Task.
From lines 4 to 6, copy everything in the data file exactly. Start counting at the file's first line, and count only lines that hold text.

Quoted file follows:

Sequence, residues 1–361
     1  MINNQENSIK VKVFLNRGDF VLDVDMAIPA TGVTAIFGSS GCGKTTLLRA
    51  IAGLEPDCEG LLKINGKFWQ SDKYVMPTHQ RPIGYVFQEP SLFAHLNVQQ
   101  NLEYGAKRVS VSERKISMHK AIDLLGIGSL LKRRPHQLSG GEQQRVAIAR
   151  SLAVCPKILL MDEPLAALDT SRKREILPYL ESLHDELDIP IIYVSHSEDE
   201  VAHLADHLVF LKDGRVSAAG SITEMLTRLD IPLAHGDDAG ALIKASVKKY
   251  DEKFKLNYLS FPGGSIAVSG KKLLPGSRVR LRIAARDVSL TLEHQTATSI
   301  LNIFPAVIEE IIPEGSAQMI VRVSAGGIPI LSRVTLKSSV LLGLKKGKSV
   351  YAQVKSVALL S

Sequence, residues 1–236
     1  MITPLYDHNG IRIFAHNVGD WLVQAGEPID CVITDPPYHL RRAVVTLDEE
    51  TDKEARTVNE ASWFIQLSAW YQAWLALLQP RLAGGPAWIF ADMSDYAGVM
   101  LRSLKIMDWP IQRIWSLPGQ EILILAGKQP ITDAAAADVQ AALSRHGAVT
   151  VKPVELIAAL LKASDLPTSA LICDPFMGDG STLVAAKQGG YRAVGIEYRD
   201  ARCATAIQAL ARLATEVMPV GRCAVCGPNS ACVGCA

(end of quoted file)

   101  NLEYGAKRVS VSERKISMHK AIDLLGIGSL LKRRPHQLSG GEQQRVAIAR
   151  SLAVCPKILL MDEPLAALDT SRKREILPYL ESLHDELDIP IIYVSHSEDE
   201  VAHLADHLVF LKDGRVSAAG SITEMLTRLD IPLAHGDDAG ALIKASVKKY